I have to agree with Ms. Pepler. Every school I have taught in has had a “zero tolerance” policy regarding bullying, yet bullying was a big problem in every school I worked in. These policies are great, but virtually impossible to enforce. In my experience, bullying occurs subtly, occurring in locations teachers are rarely in—such as washrooms—or carried out discretely as to not be noticed by teachers. “Zero tolerance” policy is great, but it doesn’t work!
What is the answer then? In my opinion, there needs to be more focus on teaching students about healthy human interactions. Psych Central’s article, Bullying: A Problem That Starts and Ends at Home, says
Research shows that a harsh or negative parenting style is more likely to produce children who are bullies and victims of bullying than an emotionally warm environment with clear rules and supervision. Negative parenting includes obvious offenses like abuse and neglect, but also subtler forms of negative role modeling such as name-calling, threatening, manipulating and persistent teasing. Children learn from the way they’re treated, as well as the way their parents treat each other and the way their parents talk about other people.
Home is where empathy is learned or not learned, and school is where the lessons learned at home get played out. If relationships at home are based on fear and intimidation, children are more likely to use the same tactics with their peers. School bullies and victims are significantly more likely to report being physically hurt by a family member or witnessing violence at home than children who had not been bullied. Kids who are involved in bullying are also more likely to abuse drugs or alcohol and are at higher risk for depression and suicide.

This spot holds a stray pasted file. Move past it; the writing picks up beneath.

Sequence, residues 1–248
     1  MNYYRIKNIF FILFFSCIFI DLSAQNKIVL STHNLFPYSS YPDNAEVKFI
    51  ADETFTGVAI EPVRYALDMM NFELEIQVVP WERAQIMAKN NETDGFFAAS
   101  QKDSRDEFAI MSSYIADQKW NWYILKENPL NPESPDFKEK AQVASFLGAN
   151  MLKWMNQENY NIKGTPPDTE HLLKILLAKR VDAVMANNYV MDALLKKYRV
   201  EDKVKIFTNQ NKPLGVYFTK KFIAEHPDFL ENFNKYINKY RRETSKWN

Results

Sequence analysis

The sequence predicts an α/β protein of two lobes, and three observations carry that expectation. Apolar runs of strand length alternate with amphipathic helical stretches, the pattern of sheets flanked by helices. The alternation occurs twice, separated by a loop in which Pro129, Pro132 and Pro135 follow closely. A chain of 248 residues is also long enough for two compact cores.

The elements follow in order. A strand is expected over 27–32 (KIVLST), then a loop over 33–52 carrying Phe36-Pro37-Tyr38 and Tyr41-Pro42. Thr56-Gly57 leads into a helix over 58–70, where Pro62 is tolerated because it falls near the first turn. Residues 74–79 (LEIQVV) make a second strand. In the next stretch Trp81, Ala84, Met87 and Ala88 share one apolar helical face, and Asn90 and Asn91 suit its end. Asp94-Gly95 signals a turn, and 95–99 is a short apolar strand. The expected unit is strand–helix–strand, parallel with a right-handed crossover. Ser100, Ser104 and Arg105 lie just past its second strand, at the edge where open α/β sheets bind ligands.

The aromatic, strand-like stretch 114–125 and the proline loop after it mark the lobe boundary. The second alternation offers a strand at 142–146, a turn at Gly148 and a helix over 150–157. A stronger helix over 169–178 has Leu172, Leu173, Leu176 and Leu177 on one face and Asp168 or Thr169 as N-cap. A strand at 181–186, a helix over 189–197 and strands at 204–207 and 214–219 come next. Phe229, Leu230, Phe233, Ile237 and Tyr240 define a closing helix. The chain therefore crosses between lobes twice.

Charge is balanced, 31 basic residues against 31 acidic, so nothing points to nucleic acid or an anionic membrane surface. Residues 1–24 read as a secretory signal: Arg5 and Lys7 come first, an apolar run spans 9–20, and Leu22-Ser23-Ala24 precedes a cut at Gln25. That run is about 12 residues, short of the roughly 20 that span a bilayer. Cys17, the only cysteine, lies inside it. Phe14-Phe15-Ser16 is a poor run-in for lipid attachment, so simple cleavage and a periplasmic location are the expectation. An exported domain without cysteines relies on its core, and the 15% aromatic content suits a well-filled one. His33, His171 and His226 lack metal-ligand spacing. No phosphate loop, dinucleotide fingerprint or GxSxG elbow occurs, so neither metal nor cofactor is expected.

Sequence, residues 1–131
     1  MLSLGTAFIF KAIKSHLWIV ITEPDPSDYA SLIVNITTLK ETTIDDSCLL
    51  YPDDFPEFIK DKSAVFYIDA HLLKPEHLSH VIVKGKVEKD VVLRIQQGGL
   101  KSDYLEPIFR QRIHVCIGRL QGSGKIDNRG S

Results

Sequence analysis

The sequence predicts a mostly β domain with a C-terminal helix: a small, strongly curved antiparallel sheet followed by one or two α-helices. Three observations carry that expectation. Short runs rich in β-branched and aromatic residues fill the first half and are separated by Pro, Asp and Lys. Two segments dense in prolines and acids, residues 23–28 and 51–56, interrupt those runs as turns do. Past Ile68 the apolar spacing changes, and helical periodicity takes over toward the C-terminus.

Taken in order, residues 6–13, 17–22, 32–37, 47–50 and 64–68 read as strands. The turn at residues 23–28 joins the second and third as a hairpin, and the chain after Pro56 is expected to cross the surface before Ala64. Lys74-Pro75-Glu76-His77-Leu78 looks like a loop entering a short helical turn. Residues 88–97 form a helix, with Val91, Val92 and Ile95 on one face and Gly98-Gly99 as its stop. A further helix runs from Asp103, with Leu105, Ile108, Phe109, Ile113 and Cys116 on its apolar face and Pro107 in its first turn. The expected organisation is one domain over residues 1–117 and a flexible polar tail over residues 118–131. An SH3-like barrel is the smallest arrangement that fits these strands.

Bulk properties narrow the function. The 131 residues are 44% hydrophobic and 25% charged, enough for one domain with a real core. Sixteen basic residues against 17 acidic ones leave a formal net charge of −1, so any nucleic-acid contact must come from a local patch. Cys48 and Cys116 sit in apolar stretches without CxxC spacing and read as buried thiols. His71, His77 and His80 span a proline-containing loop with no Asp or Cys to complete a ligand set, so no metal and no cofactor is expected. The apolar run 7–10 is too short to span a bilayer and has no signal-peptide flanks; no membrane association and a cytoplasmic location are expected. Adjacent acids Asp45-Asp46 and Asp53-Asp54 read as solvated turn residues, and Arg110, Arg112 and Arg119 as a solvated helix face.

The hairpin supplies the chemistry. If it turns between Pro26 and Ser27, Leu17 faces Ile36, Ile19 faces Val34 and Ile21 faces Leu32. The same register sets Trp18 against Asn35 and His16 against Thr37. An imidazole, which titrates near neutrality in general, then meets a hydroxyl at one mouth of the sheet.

Bullying is a learned behaviour, mostly learned at home, and therefore bullying can be unlearned. The ideal solution is to educate parents on bullying, but that is easier said than done. If empathy is not learned at home, then we as educators have a duty to teach it. The reality is, bullies are hurting people who need to be taught that taking their hurt out on other people is unacceptable.
STOP A BULLY is a registered national charity in Canada, and has an anti-bullying program. Their website shows a study done by the University of British Columbia, based on 490 students (half female, half male) in Grades 8-10 in a British Columbia city in 1999, that reveals
64% of kids had been bullied at school, and that 64% of students considered bullying a normal part of school life. What I found particularly disturbing is that 61-80% said bullies are often popular and enjoy high status among their peers. I have personally seen this to be true. Regarding the ‘on-line’ world, 1 in 5 Canadian Teens have witnessed online Bullying, so it is clearly a huge problem in our world, and teen bullies typically become adult bullies. There is no shortage of bullies in governments and in our work environments. It is time to do something to address the bullying problem our world has.
“People who love themselves, don’t hurt other people. The more we hate ourselves, the more we want others to suffer.” How true that is!